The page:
PEN International noted that the respective PEN Centres’ presence at the Pan-African Parliament was aimed at encouraging “the committee to take forward the issues in the Midrand Declaration”, and to present the findings of their research resulting from close collaboration with the United Nations Democracy Fund (UNDEF), the Decriminalisation of Expression Campaign (DOX) Africa and the African Commission on Human and Peoples’ Rights
Attorney Simon Delaney reiterated that muzzling journalists “sets a bad precedent”, and encourages journalists to “engage in self-censorship for fear of being investigated, having their homes raided, or being sent to prison.” He noted further that the consequence of self-censorship is an undermining of “the quality and volume [and ultimately] the stifling of public debate.”
PEN Uganda affirmed this, noting that the research on defamation undertaken in Uganda had found that, “defamation has a chilling effect on writers and journalists,” with “many journalists prefer[ing] to shift focus to soft stories, like sports and entertainment, rather than investigative journalism.” One journalist interviewed had opted to quit the profession altogether.
A member of the Justice and Human Rights Committee was of the view that in certain instances defamation is not the sole preserve of private parties: he cited as an example the situation where journalists write defamatory untruths either in service to or as a result of manipulation or “influence” of old colonial powers or the West. However, as PEN Nigeria pointed out, in most cases criminal defamation laws in Africa are remnants of colonial-era laws, which functioned “to protect colonial administrators”. PEN Nigeria concluded that these laws “effectively infantilize Africans” as colonial powers were inclined to do.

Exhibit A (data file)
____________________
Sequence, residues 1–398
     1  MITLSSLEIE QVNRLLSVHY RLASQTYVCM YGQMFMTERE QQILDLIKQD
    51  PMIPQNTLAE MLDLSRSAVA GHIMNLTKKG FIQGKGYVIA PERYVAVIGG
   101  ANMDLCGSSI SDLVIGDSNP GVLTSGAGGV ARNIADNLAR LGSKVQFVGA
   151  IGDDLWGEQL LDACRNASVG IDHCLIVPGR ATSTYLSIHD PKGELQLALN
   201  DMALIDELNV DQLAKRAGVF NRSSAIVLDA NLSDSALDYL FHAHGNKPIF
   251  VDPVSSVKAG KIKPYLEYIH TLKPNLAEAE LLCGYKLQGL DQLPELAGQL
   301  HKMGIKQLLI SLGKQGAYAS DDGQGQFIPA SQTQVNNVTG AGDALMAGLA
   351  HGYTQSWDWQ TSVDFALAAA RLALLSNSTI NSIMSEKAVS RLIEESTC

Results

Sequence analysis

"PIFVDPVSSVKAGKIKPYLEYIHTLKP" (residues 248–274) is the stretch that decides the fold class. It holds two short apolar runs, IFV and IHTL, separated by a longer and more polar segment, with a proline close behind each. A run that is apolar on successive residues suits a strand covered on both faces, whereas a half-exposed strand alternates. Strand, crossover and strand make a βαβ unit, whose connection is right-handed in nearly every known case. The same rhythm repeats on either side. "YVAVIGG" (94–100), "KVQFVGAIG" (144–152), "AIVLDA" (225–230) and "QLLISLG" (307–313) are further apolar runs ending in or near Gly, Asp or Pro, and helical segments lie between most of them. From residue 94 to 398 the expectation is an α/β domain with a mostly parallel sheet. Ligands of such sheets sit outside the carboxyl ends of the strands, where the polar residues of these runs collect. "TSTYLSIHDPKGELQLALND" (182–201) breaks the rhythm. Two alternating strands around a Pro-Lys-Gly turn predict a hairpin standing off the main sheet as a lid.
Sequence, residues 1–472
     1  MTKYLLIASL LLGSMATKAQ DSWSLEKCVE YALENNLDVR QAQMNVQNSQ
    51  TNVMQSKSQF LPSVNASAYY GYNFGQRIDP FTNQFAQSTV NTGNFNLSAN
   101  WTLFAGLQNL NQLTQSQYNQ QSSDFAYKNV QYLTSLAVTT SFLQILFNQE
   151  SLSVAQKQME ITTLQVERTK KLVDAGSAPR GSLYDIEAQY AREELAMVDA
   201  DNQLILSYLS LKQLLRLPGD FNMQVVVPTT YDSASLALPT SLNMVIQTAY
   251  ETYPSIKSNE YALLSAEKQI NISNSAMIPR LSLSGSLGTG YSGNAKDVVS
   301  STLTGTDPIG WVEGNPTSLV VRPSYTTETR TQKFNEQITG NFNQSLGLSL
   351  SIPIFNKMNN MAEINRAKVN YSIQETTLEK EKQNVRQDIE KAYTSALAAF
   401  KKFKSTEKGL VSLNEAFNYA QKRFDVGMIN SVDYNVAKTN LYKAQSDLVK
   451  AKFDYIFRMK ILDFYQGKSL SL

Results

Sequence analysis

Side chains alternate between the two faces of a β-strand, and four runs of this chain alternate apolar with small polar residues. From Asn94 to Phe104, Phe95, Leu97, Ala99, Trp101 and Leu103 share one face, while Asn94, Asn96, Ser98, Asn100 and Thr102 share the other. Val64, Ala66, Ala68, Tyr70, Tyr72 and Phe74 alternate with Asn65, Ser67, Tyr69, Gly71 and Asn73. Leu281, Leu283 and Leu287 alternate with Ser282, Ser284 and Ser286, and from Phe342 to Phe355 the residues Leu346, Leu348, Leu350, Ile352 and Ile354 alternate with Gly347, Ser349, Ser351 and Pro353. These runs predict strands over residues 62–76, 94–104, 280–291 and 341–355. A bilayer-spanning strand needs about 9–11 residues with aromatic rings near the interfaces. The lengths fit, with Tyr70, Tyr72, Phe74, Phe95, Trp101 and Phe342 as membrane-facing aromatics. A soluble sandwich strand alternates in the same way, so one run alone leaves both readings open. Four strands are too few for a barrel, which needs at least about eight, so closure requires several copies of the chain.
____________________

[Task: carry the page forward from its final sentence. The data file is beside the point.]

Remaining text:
PEN Nigeria posited that contemporary times call for these laws to be abolished, particularly in the light of the existing international best practice on which we can draw. PEN Nigeria was encouraged, however, by Ghana’s progress, which had in twenty years shifted from criminalising defamation to implementing the civil oversight and regulation of the media landcape. This was hailed as an advancement, particularly as criminal defamation fails to take into account new challenges confronting freedom of expression, the press and the right to dignity, most notably the emergence of new media contributors who are not members of the press corps, for example bloggers, vloggers, social media influencers, etc. who have the capability “to disseminate mistruths anonymously and at speeds previously unimagined.
It is the hope of all the abovementioned PEN Centres that the issue of the repeal of criminal defamation laws in AU member states will be given the attention it merits to ensure that freedom of expression, freedom of the press, and human rights more generally are robustly promoted and protected throughout the continent.
(Image courtesy of UNICEF Ethiopia/Nahom Tesfaye, used via a CC-BY-ND licence.)